But looking at the wider list, you start seeing there are a lot of heavily politicised films, personal accounts and analysis of the society we live in. Apart from a few “blockbuster” type movies, such as “The Irishman”, “Once Upon A Time… in Hollywood”, and perhaps “Uncut Gems” as the third one, being the slick, quick American movie you’d expect, the inward journey analysis has absolutely dominated the films that have made the list this year.

Many of the films on the list haven’t hit UK cinemas yet and have primarily screened at festivals. What do you think the role of film festivals does for film culture?

The industry has to keep asking itself is how do we continue to have an impact and meaning in a rapidly changing landscape. It has become incredibly easy for people to access high quality content in whatever situation they want. There’s a bit of a “raging against change” in film culture that is trying to retain the status quo instead of finding your place in it. So if you think about the whole film ecosystem, you’ve got to find your space. From a critical point of view for example, what is the role of a film publication now, or a film journalist? If it all gets skewed through the idea that we’re losing something we had and we’ve got to fight against it, then it becomes a losing battle and everything becomes really negative. Whereas if we look at it from a different perspective, for example through the success of BAIT, there’s no doubt that Mark Kermode backing it had a massive positive impact on it. It’s a niche story, from a niche community, shot in an unconventional way that would ordinarily be thought to only exist in a really small art-house environment, and it ended up being a huge success.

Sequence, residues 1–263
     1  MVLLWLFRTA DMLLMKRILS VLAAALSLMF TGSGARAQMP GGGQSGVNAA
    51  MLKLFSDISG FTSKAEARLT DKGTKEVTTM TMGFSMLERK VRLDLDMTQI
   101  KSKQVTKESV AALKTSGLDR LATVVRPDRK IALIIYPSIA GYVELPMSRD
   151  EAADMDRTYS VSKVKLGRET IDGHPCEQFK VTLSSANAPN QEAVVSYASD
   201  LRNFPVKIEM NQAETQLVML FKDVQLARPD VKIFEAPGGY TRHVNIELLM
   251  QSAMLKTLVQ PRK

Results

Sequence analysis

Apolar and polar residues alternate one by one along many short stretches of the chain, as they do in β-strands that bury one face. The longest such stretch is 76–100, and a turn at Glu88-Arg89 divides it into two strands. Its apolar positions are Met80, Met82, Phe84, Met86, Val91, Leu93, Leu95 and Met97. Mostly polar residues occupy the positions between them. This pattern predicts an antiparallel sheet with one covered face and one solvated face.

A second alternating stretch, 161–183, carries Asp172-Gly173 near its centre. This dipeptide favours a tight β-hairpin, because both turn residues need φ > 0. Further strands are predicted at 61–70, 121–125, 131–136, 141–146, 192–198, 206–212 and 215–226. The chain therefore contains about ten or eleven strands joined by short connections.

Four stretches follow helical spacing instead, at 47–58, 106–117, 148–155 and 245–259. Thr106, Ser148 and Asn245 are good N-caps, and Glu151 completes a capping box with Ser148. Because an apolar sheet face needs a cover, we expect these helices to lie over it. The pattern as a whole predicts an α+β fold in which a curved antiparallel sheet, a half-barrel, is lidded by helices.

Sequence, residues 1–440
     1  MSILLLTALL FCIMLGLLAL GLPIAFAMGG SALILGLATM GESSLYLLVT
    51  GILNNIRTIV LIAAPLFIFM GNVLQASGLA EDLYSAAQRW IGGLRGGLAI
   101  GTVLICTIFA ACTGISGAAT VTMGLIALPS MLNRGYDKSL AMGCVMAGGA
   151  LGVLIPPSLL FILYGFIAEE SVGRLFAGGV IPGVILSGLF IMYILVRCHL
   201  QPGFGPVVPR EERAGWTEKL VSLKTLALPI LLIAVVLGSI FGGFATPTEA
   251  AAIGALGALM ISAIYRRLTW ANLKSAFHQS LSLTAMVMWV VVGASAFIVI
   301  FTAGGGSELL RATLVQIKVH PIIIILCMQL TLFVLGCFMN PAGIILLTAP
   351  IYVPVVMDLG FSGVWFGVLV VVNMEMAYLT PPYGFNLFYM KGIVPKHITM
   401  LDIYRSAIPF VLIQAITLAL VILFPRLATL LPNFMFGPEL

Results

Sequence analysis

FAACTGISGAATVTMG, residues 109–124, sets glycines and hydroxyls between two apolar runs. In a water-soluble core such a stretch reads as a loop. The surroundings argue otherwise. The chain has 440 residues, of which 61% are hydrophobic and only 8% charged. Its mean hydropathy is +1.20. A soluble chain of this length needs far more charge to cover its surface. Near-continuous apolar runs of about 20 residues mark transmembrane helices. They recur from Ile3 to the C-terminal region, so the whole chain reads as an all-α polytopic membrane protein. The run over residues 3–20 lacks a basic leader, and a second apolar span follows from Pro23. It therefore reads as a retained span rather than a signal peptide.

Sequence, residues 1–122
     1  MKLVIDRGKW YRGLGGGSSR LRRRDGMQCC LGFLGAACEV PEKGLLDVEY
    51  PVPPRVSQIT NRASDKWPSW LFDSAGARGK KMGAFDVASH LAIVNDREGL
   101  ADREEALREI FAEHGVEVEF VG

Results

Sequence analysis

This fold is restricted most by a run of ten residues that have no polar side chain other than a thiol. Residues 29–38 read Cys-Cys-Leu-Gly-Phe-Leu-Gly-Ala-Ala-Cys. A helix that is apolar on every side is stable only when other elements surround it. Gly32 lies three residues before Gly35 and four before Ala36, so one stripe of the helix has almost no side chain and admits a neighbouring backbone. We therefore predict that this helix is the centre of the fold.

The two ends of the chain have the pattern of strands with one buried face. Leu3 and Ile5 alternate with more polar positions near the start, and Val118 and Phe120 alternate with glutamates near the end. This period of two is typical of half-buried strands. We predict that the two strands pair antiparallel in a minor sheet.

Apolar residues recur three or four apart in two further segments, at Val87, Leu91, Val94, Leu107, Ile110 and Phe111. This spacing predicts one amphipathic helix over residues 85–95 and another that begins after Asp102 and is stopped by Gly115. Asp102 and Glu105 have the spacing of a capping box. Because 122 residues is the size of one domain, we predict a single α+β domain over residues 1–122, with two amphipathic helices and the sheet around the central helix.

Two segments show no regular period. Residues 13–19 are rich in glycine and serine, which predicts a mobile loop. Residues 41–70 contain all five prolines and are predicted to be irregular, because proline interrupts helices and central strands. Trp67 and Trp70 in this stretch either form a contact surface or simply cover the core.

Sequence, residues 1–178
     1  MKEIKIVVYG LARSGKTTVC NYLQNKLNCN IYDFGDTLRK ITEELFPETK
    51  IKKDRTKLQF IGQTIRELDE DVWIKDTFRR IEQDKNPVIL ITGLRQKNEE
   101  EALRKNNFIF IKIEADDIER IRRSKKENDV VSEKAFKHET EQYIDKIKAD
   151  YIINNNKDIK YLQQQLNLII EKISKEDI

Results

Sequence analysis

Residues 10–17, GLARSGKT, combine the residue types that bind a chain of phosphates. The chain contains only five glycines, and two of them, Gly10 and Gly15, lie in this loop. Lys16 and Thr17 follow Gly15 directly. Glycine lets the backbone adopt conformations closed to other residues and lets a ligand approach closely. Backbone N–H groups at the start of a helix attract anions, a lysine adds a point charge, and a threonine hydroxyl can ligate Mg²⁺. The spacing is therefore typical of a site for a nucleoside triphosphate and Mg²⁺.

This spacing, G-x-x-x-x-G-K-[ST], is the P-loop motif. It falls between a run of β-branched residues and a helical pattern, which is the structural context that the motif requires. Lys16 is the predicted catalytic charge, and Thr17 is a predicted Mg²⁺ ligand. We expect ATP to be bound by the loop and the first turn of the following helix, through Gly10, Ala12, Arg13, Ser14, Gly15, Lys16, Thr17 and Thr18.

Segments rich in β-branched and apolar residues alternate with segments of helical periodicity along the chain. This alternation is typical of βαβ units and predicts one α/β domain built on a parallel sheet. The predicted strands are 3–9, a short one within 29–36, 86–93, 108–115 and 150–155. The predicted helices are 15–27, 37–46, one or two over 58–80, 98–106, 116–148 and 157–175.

I worked in music for years, and at the point I started working in music journalism, the music industry was in a similar position the film one is in now. The record labels were really resistant to the digital changes that had already happened and consumers had already moved to this place and yet the labels were still focussing all their energies on trying to sell CDs in TESCO. Now, the music industry is thriving because they’re realised that the middle is a place that no one really wants to be, and on one end there’s a load of either free or very cheap content that everybody can consume, and at the other end, there are really expensive heavyweight vinyls that the superfunds want to buy. The middle between those two extremities doesn’t exist anymore, and the film industry’s equivalent is upon us. If you can understand what your identity and purpose is, then you can be on this specialist end and deliver high value criticism or art, you can find ways to appeal to enough people who can feed that ecosystem.

Is that how you see the future of the magazine?